Amazing Race 5 heads into final episode.

Amazing Race 5 heads into final episode.
Stop reading now if you missed last night’s episode of The Amazing Race 5 and plan to catch it on your Tivo or during the Saturday night repeat on CBS, because the drama and intensity was ratcheted up to 10 during a stunningly dramatic and tense penultimate episode. Okay, disclaimer over: Colin’s apparent pact with Satan has kept him and Christie in the race, saved by the last non-elimination leg. Colin and Christie fell from first place to last, thwarted by a delayed flight, slow cabs, and the first use of the new Yield. Chip and Kim opted to Yield Colin and Christie, although to be fair they nearly had to beat down the other two teams in order to do it, as they were all salivating at the prospect of watching Colin flip out. Colin and Christie had to wait for an excruciatingly slow hourglass to run out before continuing, and then, later, Colin had yet another Christie-bashing meltdown during the detour task. They’ll begin the final leg of the race broke, so unless Colin forces Christie to sell her body for quick cash during the pit stop, they’ll be slowed down at least somewhat. The sixth season concludes Tuesday with a two-hour finale at 9 p.m. ET.
+ also: the Philippines campaigned to have The Amazing Race come to their country, hoping to promote tourism.
+ and: during meat-carrying challenge, Kami says “I kind of look down and I see that my top is down. … ‘Karli, my boob, my boob! Shove it back in!'”

The Sing-Off loses its star

Ben Folds

NBC's super-fun December a capella singing competition The Sing-Off is returning, but without its star judge, Ben Folds, and only as a two-hour special. Those are really depressing changes for a series that proved itself to be a super-fun show when it returned last December.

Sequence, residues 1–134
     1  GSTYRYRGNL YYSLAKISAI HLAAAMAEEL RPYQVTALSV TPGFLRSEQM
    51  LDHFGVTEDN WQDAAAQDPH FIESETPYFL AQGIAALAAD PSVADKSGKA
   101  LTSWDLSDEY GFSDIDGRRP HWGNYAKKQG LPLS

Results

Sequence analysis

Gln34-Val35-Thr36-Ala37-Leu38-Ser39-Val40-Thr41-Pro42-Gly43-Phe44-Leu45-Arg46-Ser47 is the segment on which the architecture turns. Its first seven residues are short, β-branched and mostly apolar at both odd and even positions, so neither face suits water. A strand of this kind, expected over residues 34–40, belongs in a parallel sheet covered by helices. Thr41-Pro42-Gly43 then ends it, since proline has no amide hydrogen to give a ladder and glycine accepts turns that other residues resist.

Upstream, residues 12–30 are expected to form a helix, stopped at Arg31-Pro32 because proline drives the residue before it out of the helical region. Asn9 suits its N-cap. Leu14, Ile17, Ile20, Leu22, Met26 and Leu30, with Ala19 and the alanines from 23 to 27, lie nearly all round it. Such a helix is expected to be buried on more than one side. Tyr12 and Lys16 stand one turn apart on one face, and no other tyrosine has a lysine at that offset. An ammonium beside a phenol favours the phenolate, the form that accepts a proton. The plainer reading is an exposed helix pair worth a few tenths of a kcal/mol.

A film director talks about becoming a reality TV character

Anna Martemucci

What is it like to have your life turned into reality TV? Director Anna Martemucci, one of the two directors featured on Starz' exceptional reality series, talks about that, the competition, and her collaboration with her husband and brother-in-law.

Plus: How the show's producers tried to keep the $250,000 competition fair.

about the writer

Andy Dehnart is a journalist who has covered reality television for more than 15 years and created reality blurred in 2000. A member of the Television Critics Association, his writing and criticism about television, culture, and media has appeared on NPR and in Playboy, Buzzfeed, and many other publications. Andy, 36, also directs the journalism program at Stetson University in Florida, where he teaches creative nonfiction and journalism. He has an M.F.A. in nonfiction writing and literature from Bennington College. More about reality blurred and Andy.